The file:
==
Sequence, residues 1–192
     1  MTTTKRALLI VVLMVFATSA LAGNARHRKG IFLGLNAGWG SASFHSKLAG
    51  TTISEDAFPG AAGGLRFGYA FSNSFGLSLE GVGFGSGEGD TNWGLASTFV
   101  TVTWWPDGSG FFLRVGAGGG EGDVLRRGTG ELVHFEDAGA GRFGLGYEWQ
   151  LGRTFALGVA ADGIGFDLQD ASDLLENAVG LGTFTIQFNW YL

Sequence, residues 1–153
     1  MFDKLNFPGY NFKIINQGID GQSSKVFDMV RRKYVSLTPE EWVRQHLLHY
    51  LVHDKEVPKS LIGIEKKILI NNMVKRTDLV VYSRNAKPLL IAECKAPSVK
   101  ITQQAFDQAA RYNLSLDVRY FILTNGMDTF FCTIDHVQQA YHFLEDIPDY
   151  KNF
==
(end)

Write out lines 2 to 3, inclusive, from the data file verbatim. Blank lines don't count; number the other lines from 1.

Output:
     1  MTTTKRALLI VVLMVFATSA LAGNARHRKG IFLGLNAGWG SASFHSKLAG
    51  TTISEDAFPG AAGGLRFGYA FSNSFGLSLE GVGFGSGEGD TNWGLASTFV